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Some Soft Skills Are Best Learned In Person

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I was reading yet another story on workers' mixed feelings about coming back to the office, nodding as all the usual considerations were cited—work-life balance, check, childcare issues, check, a reluctance to commute, check. But the closing paragraphs did touch on something that could stand to be talked about a little more:
Nick Kreilein moved to San Francisco to work for a commercial insurance broker, but he was disappointed that so few others went into the office. He is 28, has no children, and wanted to be in an office with colleagues so he could learn more.
He left that company and took a new job in early October for a competitor with an in-office culture. His new employer does not require in-person attendance, but Mr. Kreilein chooses to go in three to four days a week.
“I want to take the next step, not just sit behind a screen for the rest of my career,” he said.
I get it. I'll be the first to sing about the benefits of working from anywhere, but I wouldn't even be in a position to work wherever I wanted if I hadn't spent years in different offices.
Offices are great for learning by observing. When I got my first office job as a college junior, I spent a lot of time mentally tracking how my boss and her colleagues spoke in meetings versus one-on-one interactions. Even more crucially, I saw how office culture, fairly or unfairly, can shape the way an employee is perceived regardless of the quality of their work.
Throughout my twenties, I learned by watching. I noticed how one of my bosses framed her "no" replies in a way that still led colleagues to believe she was listening and considering their suggestions; I saw how another treated his time as a limited resource and managed it with clear-eyed pragmatism. I aped the productive soft skills my most gifted colleagues and supervisors had, from project planning to error prevention to swift deadline turnarounds.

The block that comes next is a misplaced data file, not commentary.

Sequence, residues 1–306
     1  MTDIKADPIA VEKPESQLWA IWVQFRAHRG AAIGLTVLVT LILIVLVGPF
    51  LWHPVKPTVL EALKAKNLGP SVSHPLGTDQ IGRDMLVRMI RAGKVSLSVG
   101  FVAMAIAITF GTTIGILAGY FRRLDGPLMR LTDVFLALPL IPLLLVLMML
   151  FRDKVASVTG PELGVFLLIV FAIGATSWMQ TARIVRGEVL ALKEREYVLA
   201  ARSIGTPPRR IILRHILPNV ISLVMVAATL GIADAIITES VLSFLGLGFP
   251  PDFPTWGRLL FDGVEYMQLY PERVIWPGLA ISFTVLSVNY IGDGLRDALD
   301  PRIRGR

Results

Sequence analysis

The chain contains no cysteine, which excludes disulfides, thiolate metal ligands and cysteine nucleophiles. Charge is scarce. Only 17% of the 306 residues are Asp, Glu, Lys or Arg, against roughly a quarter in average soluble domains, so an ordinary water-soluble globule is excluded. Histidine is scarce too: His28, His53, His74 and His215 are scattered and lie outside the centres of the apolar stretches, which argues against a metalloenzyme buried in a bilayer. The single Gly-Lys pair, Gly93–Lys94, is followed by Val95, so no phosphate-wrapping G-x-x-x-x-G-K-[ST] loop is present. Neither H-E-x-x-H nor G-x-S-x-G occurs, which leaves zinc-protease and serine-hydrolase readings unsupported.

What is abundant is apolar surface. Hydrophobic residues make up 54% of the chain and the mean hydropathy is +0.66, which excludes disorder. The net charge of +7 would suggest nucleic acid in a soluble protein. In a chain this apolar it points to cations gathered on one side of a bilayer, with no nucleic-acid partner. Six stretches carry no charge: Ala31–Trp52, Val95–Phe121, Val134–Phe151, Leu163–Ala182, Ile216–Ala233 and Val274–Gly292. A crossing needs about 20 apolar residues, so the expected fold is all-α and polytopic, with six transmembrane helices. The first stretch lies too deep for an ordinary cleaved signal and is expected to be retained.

All of this education was free and all I had to do was go to the office and pay attention to my coworkers. I still feel that way whenever I'm in the press room at any tech event—I'm always observing, looking for an answer to the question, "Is there anything I can be doing differently and better?"
The pandemic taught us that a lot of work can be accurately characterized as activity-based, not location-based. Turning in high-quality deliverables are only one part of work, though. There's also the process of working. It's harder to identify which working habits you can acquire or refine when you're working alone.
Younger workers are pretty keenly aware of what they're missing out on. Research has shown they're feeling disconnected from their jobs, and they suspect they're missing out. An survey from August 2022 found that 82% of Generation Z workers (anyone born from 1997 onward) had never worked in an in-person office environment full-time, and of that group, 85% worried they were at a disadvantage when it comes to acquiring professional “soft skills” like developing relationships, communicating effectively or managing their social presentation around other people.
As Wharton School of Business professor Peter Cappelli said, "You get to watch how your co-workers interact with each other, listen to office gossip, and get a stronger sense of what skills the organization values as well as the direction they’re heading."
Ultimately, what workplace leaders will have to figure out is how to create a workplace culture that allows for this kind of soft-skill cultivation and for the sense of autonomy over one's work and time that so many people have come to value. Surely, there's an office or two where someone has already watched how their bosses did it—fingers crossed they can pass on the lessons to everyone else.

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